Eithne Byrne from Dublin is our of the 2013 Carer of the Year winner. Eithne was chosen and judged from over 1,200 carers here at Comfort Keepers. Today, we caught up with her and interviewed her about her role and her win.
Eithne, many congratulations on your achievement of being awarded Carer of the Year. How long have you been a carer?
Thank you. I’ve been a carer with Comfort Keepers for two years. Although I had other jobs in the past, in many ways, I’ve always been a carer. I cared for an elderly neighbour when I was in my teens. I helped her in the mornings before school and called in to see her at lunchtime and in the evenings. It was a huge shock when I won this award and I feel very proud.
As you should Eithne, it certainly isn’t in everyone to be a carer. What do you think makes a person a good carer?
There are a few different elements to it. They need to be kind, reliable and a good conversationalist as an aspect of caring is companionship. Some people are very good at providing company. However, they must also be able to provide personal care such as assisting with showering and dressing. Making the client feel comfortable.
While we have our timetable and routine, our days can change if a client is taken unwell or if we suspect something is wrong. So, a good carer needs to be practical and decisive too. We receive training in manual handling, first aid and care of the older person but so much of it is in the person as well. They have to enjoy their job.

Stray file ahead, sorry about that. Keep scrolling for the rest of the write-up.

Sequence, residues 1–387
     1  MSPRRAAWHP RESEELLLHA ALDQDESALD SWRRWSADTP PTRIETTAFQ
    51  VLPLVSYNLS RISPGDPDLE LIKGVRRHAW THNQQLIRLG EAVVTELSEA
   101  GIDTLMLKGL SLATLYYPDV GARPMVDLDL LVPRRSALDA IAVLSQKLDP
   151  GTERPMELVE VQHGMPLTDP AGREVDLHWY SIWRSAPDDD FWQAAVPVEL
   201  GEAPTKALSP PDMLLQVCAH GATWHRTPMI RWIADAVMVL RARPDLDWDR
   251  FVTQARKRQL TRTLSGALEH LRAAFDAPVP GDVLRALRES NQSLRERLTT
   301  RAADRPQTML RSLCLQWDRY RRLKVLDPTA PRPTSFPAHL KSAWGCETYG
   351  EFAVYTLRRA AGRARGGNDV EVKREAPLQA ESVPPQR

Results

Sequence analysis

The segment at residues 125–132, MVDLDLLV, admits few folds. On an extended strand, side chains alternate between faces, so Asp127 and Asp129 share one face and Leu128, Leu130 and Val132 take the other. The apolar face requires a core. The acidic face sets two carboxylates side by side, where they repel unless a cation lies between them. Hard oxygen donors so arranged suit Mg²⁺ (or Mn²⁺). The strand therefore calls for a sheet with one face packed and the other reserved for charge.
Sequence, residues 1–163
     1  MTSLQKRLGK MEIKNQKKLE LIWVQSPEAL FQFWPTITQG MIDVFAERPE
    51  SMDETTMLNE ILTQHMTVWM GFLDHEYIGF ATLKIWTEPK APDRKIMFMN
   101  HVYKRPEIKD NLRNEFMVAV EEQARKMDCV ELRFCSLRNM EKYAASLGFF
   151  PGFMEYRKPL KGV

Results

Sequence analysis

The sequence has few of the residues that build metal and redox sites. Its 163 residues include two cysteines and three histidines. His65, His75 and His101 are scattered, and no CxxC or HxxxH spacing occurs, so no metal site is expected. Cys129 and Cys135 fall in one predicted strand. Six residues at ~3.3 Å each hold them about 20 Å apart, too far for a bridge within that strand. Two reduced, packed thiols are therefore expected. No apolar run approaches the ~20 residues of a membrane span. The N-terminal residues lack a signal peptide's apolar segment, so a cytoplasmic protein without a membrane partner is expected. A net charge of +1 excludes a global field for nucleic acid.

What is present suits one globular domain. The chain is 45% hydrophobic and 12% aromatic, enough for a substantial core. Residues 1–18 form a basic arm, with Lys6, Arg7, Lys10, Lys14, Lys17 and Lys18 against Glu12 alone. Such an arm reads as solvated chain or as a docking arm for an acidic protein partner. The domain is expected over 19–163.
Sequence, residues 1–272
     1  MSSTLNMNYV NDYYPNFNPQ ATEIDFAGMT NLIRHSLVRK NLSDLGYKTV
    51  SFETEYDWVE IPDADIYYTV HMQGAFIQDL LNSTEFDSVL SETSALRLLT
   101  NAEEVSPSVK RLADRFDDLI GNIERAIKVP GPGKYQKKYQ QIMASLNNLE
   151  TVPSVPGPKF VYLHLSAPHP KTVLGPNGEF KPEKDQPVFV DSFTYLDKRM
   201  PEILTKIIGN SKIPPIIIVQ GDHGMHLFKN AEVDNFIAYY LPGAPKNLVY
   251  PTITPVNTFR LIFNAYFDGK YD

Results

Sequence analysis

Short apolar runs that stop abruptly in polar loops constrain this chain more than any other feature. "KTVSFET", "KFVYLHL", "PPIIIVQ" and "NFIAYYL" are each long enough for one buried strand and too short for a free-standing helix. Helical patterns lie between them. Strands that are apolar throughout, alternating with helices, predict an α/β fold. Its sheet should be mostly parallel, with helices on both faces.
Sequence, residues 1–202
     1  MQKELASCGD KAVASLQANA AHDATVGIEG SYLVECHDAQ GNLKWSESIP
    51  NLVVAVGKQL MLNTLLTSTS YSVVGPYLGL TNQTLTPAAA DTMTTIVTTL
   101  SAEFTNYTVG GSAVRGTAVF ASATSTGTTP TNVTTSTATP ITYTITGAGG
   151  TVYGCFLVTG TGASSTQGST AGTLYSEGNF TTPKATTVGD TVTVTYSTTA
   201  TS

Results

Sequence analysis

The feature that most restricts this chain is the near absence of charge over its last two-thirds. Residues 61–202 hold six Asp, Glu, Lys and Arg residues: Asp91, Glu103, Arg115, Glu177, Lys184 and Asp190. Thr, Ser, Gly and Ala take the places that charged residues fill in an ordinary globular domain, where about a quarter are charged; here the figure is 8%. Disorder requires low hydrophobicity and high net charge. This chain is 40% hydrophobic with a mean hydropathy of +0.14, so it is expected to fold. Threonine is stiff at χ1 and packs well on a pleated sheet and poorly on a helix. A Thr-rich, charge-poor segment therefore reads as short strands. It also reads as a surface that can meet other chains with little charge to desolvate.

I totally agree and I can see why family members need the assistance of a carer for an elderly parent. What is a typical day in the life of a carer, Eithne?
It can vary from day to day. I have some clients that I see once or twice a day and I have other clients that I see twice a week. There fore, some days are quite busy as I go from one client to another whereas on other days, I have breaks between clients. I also provide cover if another carer was unable to see her clients on that day. Comfort Keepers are very good at ensuring that clients receive carers who would work well with them and if one carer has to cover for another, that they are similar in their approach and they would be well informed too.
What do you think it means for your clients to have a carer?
For many of them, it means that they can continue to live at home independently. Sometimes they need a lot of help such as with washing and dressing, sometimes they just need companionship and medication reminders. Most of my clients receive Meals on Wheels so I don’t have to do meal preparation but that is offered in some areas.
Family members usually notice a big difference in the person once a carer has been in attendance for a couple of weeks. Sometimes the elderly person is lonely and may not be eating properly. Once the carer is visiting regularly, we notice that they are more outgoing, they often take up going to day clubs at the day care centres again, their skin improves, they are smiling and are more chatty. Having a carer can make a huge difference to a person’s contentment as well as physical health.
In all cases, a care plan is drawn up and we, as carers, give feedback on how we think the care plan is going and if any changes might have to be made. We write a report in the client’s log book every day so the family, as well as Comfort Keepers, have a log to view.
Finally, Eithne, I can see that you really enjoy your role as a carer, but what do you enjoy the most?
I enjoy the flexbility as I have a child in primary school. It’s a very rewarding job knowing that you are making such a difference to someone’s life. I enjoy meeting people too – both the clients and other carers. Comfort Keepers holds coffee mornings and other functions for carers so we have lots of opportunities to get to know each other.
Thank you Eithne and once again, many congratulations on being awarded Comfort Keepers’ 2013 Carer of the Year.
Connect with us
To begin starting care for your loved one, you can click here.
To join our incredible award-winning team, you can apply now by clicking here or emailing your CV to firstname.lastname@example.org